The true star of the show in Noreela itself. Tim Lebbon avoids most of the fantasy cliches in his writing (the book doesn't even have a map) but instead creates a land populated with mysterious beings, creatures and landscapes. Cleverly avoiding exposition the author allows the descriptions of the places and sites to tell their own stories, its a great skill to be able to invoke the feel of a place with a few choice adjectives but it's a skill that Tim Lebbon shows frequently. This allows the narrative to roll along without the pauses and long winded explanations normally required to fill in the backstory, it also retains mystery and intrigue right to the end.

The plot itself is fairly simplistic but add in the characters and mysteries found along the journey and it evolves into something much greater than the sum of it's parts.
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1 of 1 people found the following review helpful
Tim Lebbon's one of these interesting cases: a New York Times best-selling author, a winner of multiple awards including a British Fantasy Award for his novel Dusk, and yet his name rarely seems to crop up in online discussion.

I'd been meaning to check out Dusk ever since I read part of an excerpt and quite liked it. I was therefore pleased when Lebbon's UK publisher, Allison & Busby, kindly offered to send me a copy of his latest book, Fallen.

Taking place in the world of Noreela - the same world that features in Dusk and its sequel Dawn - Fallen is both an adventure story and an examination of how sometimes the personal psychological journeys we undertake are more significant than the physical.

Ramus and Nomi are members of the Guild of Voyagers, an organisation that seeks to explore the untamed wilds of Noreela and reveal them to the rest of civilisation. When they obtain some obscure documents from a mysterious traveller, they set about preparing for the voyage of a lifetime. Their destination is the Great Divide - a massive, sheer cliff that borders one edge of Noreela and rises up into the clouds. They're travelling into the unknown, as no one has ever scaled the cliff. While the thrill of discovery is a motivating factor, it's the promise of what is hidden away atop the Great Divide that drives them on. If the ancient documents are accurate, then what they will find at the top of the Great Divide - if they ever reach the top - will change the world and re-write history.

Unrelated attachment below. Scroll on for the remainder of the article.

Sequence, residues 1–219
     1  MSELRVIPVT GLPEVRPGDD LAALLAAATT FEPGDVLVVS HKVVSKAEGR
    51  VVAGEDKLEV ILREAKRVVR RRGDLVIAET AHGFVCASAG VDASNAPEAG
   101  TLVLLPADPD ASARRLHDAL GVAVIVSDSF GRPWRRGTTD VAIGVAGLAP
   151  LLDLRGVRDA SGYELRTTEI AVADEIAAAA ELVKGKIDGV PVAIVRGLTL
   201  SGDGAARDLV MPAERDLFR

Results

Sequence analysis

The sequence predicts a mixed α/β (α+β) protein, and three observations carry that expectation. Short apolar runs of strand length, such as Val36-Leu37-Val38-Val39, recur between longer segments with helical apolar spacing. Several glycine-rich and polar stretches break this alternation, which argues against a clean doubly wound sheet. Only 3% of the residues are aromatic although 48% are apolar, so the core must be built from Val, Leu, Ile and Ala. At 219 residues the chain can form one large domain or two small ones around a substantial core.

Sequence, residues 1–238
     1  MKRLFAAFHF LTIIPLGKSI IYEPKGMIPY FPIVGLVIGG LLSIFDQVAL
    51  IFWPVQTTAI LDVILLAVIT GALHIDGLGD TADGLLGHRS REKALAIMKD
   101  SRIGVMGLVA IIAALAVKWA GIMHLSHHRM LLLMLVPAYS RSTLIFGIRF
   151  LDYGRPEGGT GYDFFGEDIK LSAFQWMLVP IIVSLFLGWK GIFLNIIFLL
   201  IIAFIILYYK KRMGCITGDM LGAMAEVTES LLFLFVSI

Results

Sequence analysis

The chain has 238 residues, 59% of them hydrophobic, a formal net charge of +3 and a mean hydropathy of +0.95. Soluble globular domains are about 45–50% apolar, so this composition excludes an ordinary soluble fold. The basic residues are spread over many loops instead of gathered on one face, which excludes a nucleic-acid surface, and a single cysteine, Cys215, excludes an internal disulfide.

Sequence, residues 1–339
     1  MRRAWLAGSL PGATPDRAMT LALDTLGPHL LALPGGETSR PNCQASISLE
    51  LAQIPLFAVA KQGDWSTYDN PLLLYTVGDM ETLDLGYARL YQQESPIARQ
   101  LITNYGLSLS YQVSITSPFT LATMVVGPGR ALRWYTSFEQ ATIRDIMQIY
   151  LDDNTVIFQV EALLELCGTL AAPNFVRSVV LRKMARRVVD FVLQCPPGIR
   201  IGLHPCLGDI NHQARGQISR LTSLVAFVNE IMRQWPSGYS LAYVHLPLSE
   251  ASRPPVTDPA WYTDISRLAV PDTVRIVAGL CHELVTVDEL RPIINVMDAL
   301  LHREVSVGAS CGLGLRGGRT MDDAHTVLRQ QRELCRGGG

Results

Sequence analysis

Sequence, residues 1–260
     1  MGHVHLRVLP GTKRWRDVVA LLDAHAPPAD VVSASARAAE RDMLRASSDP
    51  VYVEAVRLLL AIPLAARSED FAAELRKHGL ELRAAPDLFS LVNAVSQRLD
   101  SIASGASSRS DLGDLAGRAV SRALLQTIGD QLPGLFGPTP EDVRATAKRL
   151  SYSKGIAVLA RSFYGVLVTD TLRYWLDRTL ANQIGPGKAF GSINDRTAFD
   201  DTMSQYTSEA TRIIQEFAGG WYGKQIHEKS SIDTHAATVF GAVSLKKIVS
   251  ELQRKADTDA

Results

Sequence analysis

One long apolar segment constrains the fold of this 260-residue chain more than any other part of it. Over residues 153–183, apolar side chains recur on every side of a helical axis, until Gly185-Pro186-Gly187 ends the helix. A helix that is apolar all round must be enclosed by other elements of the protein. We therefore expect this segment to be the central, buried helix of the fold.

I think what attracted me to Fallen was the adventure angle. I wouldn't go as far as calling it a 'quest novel' (why does that term seem so negative these days?
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4.0 out of 5 stars Decent Fantasty Fare 17 May 2009
By Gareth Wilson - Falcata Times Blog TOP 500 REVIEWER VINE VOICE
A prequel to Tim's earlier works ("Dusk" and "Dawn") this novel continues exploring the world in much the same sort of way. Add to the mix an Indiana Jones type of tale where a team is put together only to fall out and race each other to their objective. An objective that they discover was something perhaps best left where it was.

It's a quirky tale, it move's at its own pace (and lets face it when you're talking about a 700 mile journey it can only go so quickly.) Nether the less it's a tale of fascination, of discovery and above all about what each characters emotional journey when their "grail" ends up not so much the imagined cup, but something else entirely. Definitely a book if you're looking for something a little different in the fantasy field and definitely a bit of fun. Highly recommended although the book back really doesn't seem to do the tale justice as I only really decided to read the tale after it had been nominated for the David Gemmell Legend Awards.